Walk #349: Pendeen Watch to St Ives
Map of the walk
Maps courtesy of Google Maps. Route for indicative purposes only, and may have been plotted after the walk. Please let me have comments on what you think of this new format. For a detailed table of timings for this walk, please see the table file.
Frankly I had been dreading this walk, for a general multitude of reasons. Firstly there was the fact that this section of the South West Coast Path is generally seen as being one of the hardest on the whole path. The main reason was the fact that when I was doing my walk from Land's End to Taunton in 2000 I had reached Trevean Cliff in sone fairly awful weather. I then came across an American man with a gashed leg where he had fallen on some of the rocks. Looking at his state I decided that walking along the path was silly in the conditions and so I diverted inland and walked along the B3306 road to Zennor. I was very upset about having to do this at the time, and although I have little doubt that it was the right thing to do it was still hard to accept. When I woke up this morning and saw that the weather was quite reasonable I was very pleased, and it helped make this an exceedingly good walk. I was also quite pleased with the length of tie it took me to do the walk, as the guidebook states that few will average two miles an hour, and I managed to do that.
This walk is quite hard, not just because of steep ascents or descents to be tackled but because of the terrain, which is either boggy, with deep sections of bog beside the path that seemed bottomless when I plunged my walking pole in, or rocky, with large boulders to climb over. Sometimes these were in combination, with stones thrown into the boggy sections to make them passable. Having said all this I have seen worse terrain, and in a very strange way it reminded me of some parts of Scotland such as the hills around Rannoch Moor. As I was walking along I found it quite amusing that I was comparing the very southwestern tip of Britain with somewhere in the Highlands of Scotland!
As I was leaving Zennor Head there was a particularly large slab of rock that had to be climbed up. It was sloping away from me and about at waist height, and quite smooth from everyone who had negotiated it in the past. I managed to get my right foot on top of it, but as I lifted my left leg up to join it I banged my knee hard against the face of the rock. This sent a big jolt of pain all the way down my leg, I stopped for a few minutes and rubbed the knee, but unfortunately it remained sore for the rest of the walk. It is one of these stupid little incidents that cause no real harm and are just very annoying. On a similar note, I am still picking little thorns out of my left had after I fell into the bush a few days ago - on average I am finding to new tiny thorns in my fines every day!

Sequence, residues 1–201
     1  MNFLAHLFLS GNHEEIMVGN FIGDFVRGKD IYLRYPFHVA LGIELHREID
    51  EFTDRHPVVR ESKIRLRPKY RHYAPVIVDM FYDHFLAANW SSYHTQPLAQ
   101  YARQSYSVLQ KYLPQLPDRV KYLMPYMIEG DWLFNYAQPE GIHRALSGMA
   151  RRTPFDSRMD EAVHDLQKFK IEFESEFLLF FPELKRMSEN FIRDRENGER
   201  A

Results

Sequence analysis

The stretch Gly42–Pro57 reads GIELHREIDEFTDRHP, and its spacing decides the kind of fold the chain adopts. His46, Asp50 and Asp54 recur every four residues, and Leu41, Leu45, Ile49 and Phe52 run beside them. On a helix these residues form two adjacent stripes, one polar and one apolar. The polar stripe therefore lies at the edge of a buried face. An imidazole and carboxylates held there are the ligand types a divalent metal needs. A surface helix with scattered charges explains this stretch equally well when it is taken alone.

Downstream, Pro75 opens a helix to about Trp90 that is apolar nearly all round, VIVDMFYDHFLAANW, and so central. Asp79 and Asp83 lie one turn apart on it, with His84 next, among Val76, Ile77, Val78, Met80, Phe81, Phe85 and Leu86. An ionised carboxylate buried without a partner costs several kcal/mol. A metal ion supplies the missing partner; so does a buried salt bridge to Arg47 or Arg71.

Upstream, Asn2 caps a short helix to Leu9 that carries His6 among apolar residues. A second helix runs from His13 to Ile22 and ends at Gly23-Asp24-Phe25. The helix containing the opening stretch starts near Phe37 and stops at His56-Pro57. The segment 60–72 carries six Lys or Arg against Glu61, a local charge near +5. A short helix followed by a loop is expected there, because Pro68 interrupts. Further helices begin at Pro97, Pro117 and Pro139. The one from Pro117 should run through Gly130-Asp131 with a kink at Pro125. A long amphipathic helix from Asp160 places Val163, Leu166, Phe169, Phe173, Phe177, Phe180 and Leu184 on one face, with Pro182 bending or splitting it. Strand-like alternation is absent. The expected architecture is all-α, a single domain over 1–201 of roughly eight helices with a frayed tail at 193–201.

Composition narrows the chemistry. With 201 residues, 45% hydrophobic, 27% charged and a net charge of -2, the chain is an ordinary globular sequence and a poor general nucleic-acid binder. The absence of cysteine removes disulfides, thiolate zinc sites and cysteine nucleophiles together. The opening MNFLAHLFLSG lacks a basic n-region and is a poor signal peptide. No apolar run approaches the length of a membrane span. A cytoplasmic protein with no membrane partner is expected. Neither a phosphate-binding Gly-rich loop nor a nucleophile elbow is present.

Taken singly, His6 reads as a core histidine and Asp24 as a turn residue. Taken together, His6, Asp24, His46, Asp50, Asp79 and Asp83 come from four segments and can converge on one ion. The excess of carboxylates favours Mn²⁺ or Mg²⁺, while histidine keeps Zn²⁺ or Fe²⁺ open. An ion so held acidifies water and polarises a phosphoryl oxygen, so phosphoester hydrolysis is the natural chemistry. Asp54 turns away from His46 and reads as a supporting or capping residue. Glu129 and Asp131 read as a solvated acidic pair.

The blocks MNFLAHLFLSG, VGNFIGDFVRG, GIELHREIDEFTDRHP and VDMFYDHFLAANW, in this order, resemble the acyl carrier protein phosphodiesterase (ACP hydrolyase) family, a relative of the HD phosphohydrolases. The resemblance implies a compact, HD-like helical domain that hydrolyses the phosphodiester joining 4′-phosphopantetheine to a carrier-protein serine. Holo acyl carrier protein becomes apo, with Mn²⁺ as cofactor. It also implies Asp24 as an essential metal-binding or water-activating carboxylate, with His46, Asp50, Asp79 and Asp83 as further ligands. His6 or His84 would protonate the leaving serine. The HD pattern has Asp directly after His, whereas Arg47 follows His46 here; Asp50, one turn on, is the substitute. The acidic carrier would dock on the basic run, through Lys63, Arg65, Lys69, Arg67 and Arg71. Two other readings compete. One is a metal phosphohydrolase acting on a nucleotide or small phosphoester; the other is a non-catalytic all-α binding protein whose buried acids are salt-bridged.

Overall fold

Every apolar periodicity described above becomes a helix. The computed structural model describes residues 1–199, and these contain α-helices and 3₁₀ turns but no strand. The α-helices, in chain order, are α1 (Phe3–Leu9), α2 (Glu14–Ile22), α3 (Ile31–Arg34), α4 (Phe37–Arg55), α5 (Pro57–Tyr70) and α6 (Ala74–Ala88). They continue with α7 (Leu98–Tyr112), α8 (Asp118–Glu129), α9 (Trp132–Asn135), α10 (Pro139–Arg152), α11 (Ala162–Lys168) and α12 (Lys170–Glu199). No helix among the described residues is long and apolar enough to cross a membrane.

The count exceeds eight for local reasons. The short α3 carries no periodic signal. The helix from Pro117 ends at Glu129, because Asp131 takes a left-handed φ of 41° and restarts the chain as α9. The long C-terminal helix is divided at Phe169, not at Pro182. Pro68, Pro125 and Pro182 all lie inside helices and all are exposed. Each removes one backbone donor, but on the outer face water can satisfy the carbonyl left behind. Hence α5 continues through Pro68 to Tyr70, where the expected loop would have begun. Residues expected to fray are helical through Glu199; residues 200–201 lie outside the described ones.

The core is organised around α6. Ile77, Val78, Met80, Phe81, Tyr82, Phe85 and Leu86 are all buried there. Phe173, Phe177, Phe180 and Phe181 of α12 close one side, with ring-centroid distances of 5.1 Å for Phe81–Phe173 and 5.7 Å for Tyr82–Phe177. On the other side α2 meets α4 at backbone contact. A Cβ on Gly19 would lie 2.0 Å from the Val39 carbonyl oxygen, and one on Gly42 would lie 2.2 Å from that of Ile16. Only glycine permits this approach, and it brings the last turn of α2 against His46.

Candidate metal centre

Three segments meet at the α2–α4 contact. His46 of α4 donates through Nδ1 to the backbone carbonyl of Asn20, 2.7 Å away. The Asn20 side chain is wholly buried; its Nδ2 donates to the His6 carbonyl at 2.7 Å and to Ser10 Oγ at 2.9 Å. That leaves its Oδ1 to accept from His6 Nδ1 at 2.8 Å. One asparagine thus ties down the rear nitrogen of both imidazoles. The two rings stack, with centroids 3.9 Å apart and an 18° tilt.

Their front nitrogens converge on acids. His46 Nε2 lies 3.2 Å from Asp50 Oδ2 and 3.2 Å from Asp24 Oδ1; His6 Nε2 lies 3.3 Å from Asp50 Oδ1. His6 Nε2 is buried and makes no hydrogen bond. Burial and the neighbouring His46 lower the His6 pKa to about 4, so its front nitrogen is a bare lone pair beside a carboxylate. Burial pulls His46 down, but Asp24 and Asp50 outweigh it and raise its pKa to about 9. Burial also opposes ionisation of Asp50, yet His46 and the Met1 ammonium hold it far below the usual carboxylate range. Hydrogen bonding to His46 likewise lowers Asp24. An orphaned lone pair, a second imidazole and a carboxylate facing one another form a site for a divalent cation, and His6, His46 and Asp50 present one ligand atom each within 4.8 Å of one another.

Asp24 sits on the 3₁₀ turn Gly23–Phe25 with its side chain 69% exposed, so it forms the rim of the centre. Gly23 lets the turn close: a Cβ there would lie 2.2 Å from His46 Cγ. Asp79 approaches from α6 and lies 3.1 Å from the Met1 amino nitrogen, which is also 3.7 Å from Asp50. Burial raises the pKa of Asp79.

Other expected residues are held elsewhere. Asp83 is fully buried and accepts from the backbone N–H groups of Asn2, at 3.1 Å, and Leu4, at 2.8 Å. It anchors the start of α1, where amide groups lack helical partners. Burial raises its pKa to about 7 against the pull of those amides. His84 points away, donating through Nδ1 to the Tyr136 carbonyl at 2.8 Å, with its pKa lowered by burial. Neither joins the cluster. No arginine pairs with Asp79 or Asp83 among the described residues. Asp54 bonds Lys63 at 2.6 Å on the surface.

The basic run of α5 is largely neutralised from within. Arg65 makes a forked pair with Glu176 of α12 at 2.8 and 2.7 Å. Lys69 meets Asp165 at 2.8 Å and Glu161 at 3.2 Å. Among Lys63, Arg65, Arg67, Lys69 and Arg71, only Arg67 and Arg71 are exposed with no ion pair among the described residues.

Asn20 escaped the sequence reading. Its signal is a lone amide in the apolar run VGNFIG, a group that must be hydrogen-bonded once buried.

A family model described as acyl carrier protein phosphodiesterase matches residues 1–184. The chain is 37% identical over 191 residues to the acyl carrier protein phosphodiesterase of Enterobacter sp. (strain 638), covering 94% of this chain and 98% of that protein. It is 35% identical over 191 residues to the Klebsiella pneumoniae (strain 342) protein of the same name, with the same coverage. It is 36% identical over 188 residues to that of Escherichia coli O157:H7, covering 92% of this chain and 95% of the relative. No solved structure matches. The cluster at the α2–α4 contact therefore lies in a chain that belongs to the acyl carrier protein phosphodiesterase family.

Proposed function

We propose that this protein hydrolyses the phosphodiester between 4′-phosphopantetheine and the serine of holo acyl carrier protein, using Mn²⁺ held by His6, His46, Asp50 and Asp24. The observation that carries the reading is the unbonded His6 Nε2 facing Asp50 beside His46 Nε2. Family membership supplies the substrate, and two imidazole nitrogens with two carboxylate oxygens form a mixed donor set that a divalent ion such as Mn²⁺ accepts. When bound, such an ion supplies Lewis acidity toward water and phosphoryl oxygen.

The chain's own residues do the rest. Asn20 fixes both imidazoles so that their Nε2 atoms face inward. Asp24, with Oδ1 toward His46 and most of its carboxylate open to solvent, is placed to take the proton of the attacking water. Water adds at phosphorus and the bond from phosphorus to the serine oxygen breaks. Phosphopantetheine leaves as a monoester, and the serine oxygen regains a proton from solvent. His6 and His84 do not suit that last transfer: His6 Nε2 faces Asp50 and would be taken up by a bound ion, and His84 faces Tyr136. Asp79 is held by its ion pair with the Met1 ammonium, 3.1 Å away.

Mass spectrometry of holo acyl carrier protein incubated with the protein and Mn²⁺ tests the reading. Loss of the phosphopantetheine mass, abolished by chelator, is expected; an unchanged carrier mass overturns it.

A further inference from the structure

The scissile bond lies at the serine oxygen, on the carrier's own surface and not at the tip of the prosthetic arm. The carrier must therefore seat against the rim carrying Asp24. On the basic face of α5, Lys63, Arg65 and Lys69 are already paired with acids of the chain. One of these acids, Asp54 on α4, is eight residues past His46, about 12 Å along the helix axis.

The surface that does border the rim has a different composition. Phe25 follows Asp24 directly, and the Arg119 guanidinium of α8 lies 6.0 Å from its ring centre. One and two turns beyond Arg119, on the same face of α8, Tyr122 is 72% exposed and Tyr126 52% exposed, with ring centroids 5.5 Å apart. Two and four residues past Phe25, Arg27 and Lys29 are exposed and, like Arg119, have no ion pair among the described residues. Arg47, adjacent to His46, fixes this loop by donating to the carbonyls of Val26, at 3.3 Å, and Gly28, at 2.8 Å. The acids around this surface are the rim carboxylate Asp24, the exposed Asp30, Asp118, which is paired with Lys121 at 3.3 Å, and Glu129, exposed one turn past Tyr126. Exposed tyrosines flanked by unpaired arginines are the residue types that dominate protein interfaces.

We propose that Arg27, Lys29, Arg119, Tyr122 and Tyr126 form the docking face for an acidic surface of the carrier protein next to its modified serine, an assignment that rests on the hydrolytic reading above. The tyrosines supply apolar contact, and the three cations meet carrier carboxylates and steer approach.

The views northwards over the last couple of miles were quite superb, and I could see a long way ahead along the coast. This view cheered me up no end, and made me feel much better as I walked down to the Tate Gallery in St Ives, where I met Sam. We then walked together around St Ives Head as far as the lifeboat station and here I was faced with a choice. I felt fit enough to walk further around the coast as far as Hayle, but I also wanted to check my emails and reply to some of them. In the end I decided to go to the library and check my emails, as it may be my last chance to do this until I get to Newquay.
I am quite glad that today is over, and I am very much looking forward to the next few days' walks. They promise not to be too difficult but also give some great views, so I should be able to get some good distances under my belt over the course of the next week.
This makes a total distance of 13.1 miles, with 3311 feet of ascent and 3464 feet of descent.
We parked in the highest car park in St Ives, which was free for the night but was also unfortunately not very level. We parked at the most level section that we could find, but we were still on quite an angle overnight, and this led to poltergeist-style moving plates at strange times.
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And finally, enjoy your walking!
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